Fill Your Frame Crop your Shots - the other option is to zoom in
manually at home after you’ve taken your shots. This is a handy option to have but I personally prefer to use one of the first two options where I can because cropping shots later means if you want a large image that you’ll find that it becomes more pixelated. This is a good option if you’re just trimming shots but any major cropping will result in a loss of quality of your image.
The Importance of Focal Points What is the central point of interest? What will draw the eye of the viewers of this
picture? What in this image will make it stand out
from others? What is my subject?
Focal Point The reason a focal point is
important is that when you look at an image your eye will generally need a ‘resting place’ or something of interest to really hold it.
Without it you’ll find people will simply glance at your shots and then move on to the next one.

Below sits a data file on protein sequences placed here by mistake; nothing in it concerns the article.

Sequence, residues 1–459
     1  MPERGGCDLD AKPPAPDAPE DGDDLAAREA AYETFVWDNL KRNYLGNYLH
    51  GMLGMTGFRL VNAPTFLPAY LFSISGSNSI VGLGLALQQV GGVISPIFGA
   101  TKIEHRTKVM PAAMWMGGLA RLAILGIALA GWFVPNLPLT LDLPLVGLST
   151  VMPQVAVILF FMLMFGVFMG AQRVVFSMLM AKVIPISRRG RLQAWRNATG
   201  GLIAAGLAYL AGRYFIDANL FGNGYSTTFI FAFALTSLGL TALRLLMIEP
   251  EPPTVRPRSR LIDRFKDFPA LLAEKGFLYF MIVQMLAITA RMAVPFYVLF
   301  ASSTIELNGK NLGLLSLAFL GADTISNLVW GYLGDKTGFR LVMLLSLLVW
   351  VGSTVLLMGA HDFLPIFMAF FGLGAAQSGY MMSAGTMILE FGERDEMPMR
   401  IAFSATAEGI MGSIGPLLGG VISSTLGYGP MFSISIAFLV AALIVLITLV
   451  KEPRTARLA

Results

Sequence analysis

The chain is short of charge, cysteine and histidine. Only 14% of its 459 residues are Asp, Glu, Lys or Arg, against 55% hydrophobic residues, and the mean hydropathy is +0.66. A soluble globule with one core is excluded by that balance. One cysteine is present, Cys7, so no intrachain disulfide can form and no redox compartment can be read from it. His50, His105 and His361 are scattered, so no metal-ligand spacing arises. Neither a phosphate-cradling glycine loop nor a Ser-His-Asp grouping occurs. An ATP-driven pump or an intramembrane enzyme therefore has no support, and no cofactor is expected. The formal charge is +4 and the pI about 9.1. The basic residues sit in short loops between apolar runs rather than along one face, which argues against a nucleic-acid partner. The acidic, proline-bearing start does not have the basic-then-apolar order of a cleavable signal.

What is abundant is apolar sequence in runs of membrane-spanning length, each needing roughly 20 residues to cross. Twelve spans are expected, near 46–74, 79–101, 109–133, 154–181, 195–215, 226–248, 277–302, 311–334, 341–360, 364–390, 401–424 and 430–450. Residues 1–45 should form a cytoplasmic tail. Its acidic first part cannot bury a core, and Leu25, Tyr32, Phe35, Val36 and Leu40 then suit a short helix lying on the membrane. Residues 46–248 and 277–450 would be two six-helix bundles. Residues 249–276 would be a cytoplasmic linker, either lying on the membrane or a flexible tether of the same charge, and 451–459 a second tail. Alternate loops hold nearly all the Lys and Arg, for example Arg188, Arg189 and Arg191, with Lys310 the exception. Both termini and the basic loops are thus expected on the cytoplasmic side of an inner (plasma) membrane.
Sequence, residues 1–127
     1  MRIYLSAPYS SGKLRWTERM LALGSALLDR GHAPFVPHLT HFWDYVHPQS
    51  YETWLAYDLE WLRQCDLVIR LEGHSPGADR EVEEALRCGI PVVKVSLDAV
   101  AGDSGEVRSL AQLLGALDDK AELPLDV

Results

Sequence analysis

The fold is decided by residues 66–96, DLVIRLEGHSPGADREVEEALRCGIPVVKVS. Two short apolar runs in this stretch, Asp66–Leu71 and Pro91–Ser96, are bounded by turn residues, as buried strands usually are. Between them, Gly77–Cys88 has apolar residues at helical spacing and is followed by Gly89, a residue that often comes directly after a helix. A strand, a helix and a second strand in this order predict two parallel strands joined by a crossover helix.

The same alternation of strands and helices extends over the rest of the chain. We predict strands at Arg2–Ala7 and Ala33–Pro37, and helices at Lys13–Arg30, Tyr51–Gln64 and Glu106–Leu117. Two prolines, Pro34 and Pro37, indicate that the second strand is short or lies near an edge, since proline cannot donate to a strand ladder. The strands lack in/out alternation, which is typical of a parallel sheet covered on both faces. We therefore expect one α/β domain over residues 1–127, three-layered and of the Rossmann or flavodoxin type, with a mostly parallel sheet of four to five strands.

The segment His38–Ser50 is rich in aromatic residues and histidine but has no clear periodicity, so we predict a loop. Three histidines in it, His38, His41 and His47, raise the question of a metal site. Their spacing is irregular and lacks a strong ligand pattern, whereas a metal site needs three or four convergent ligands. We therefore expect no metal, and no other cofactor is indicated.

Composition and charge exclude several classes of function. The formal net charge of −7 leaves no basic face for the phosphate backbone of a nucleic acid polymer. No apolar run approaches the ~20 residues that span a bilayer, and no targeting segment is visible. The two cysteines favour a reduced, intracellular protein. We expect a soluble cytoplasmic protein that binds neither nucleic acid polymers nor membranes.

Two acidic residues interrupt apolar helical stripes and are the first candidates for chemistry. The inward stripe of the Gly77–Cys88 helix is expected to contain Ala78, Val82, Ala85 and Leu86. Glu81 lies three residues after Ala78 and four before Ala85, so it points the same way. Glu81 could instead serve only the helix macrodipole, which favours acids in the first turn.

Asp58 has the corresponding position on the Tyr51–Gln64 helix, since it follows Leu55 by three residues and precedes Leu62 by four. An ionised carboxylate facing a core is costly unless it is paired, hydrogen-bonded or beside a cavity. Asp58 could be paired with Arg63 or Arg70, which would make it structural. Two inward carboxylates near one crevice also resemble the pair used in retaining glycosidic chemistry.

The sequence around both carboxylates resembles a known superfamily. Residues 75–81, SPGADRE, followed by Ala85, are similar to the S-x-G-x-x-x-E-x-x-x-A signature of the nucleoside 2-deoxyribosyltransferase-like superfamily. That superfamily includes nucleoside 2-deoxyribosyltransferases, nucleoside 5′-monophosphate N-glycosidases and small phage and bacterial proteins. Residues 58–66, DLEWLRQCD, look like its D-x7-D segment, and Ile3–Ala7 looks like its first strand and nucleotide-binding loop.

Enhance Power of the Focal Point Position - Place it in a prominent position - you
might want to start with the rule of thirds for some ideas.
Focus - Learn to use Depth of Field to blur out other aspects in front or behind your focal point.
Blur - If you really want to get tricky you might want to play with slower shutter speeds if your main subject is still and things around it are moving.
Enhance Power of the Focal Point Size - making your focal point large is not the only
way to make it prominent - but it definitely can help.
Color - using contrasting colors can also be a way of setting your point of interest apart from its surroundings.
Shape - similarly contrasting shapes and textures can make a subject stand out - especially patterns that are repeated around a subject.
Focal Points Don’t confuse the viewer with too many
competing focal points which might overwhelm the main focal point.